Somehow it occurred to me that this wide expanse of cotton was truth writ large. Mene Mene Tekel... It simply wasn't very healthy to have gotten this big, this fast and, yes, there was a bullet to be bitten: I had to grit my teeth and start jogging every morning. And I had to go on a Sattvic Diet. Sattvic Diet! I finally said the words. The Coke had to go from the Real Thing to the diet stuff. And I would have to weep at all the Snickers. Deserts would have to be forever scratched from my morning line... and lunch and evening lines, too. No quick fixes. No pills. Nothing less than a lifestyle change... Fresh fruit and those things they call vegetables. Tortillas made without lard. Cheese made without rennet. Tofu hotdogs and pizza.No nachos! (There is no end to the punishment for a few years of excess.)
Zen, as you might expect, demands a constructive course of action. The awful time had come to practice what I preached. (Never had I thought I'd see this day arrive.)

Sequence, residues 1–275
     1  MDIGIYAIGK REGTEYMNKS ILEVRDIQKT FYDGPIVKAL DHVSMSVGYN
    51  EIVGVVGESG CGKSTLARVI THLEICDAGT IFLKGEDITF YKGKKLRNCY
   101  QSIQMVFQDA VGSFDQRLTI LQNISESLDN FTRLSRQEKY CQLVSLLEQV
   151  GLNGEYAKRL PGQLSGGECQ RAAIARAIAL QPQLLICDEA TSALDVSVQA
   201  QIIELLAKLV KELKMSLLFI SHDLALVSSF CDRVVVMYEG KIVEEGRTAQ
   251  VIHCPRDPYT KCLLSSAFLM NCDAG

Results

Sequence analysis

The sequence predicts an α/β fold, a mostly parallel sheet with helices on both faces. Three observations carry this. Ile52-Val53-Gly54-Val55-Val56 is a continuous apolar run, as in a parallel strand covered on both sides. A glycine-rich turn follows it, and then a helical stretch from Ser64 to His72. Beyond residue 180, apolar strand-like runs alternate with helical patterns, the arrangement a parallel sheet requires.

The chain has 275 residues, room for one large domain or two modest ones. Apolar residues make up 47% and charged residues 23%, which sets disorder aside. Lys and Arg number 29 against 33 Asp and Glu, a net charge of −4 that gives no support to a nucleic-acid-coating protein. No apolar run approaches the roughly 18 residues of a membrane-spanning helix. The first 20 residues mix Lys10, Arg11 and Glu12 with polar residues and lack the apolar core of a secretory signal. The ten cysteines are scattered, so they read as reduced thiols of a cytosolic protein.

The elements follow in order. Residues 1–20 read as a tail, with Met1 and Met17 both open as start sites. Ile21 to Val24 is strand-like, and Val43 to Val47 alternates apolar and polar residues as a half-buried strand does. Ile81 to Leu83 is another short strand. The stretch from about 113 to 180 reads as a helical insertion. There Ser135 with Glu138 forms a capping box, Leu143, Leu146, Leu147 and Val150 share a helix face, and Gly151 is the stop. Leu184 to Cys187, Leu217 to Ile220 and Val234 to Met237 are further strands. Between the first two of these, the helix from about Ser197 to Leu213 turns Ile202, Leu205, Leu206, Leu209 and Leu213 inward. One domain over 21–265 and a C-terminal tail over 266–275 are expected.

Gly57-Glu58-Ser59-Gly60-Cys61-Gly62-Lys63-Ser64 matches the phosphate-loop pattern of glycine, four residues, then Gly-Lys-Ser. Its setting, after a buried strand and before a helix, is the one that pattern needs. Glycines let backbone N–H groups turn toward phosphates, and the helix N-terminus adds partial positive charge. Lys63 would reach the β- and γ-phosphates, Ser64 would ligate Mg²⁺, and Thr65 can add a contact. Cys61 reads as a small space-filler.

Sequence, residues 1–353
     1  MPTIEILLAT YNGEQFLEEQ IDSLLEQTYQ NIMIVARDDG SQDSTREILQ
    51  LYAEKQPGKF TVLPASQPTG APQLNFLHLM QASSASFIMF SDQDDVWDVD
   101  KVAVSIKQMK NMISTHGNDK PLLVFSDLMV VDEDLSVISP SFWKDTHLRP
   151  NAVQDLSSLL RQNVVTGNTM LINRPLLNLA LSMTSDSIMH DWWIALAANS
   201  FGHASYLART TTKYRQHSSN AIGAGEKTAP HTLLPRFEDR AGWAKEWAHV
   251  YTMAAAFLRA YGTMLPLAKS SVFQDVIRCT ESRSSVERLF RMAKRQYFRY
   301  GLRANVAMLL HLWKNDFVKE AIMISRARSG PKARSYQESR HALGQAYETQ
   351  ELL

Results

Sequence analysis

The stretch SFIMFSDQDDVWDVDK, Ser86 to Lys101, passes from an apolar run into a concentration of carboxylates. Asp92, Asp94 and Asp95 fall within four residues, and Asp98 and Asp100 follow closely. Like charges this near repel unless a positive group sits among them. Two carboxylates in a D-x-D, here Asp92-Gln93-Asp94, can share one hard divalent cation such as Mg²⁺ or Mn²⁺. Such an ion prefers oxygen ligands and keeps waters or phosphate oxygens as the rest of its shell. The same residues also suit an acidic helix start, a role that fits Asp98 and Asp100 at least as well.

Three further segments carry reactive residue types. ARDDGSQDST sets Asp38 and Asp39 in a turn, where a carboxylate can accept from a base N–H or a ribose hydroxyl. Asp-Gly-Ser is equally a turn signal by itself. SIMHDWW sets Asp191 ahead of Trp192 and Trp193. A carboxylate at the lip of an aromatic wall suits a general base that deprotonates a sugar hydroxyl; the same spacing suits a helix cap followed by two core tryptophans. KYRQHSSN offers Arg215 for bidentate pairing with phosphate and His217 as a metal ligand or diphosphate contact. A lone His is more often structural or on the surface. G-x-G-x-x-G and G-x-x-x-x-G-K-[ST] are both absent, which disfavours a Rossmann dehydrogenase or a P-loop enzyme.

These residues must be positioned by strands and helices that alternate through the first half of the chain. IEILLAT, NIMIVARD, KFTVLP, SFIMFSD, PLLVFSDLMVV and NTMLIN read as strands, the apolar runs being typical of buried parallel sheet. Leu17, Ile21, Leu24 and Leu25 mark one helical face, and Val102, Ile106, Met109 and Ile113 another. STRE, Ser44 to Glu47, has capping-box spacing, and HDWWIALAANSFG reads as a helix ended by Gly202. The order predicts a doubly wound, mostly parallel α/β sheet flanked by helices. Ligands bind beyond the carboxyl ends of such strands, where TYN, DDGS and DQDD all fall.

True freedom, I realized, comes about at the price of discipline... diligence... sacrifice. It isn't handed to us as an afterthought or a suggestion, a canapé on a tray of possibilities. And neither is good health. We owe something in exchange for this life... and that something is to take care of it. Wow. That was a pretty heavy thought.
I needed some support. I went to my statue of Ho Ti - all that rippling fat and jolly laughter - that belly fit for good-luck rubbing. With a great force of willpower I saw him sitting there wearing white boxer shorts... and the vision was terrible. It's the only thing that keeps me going.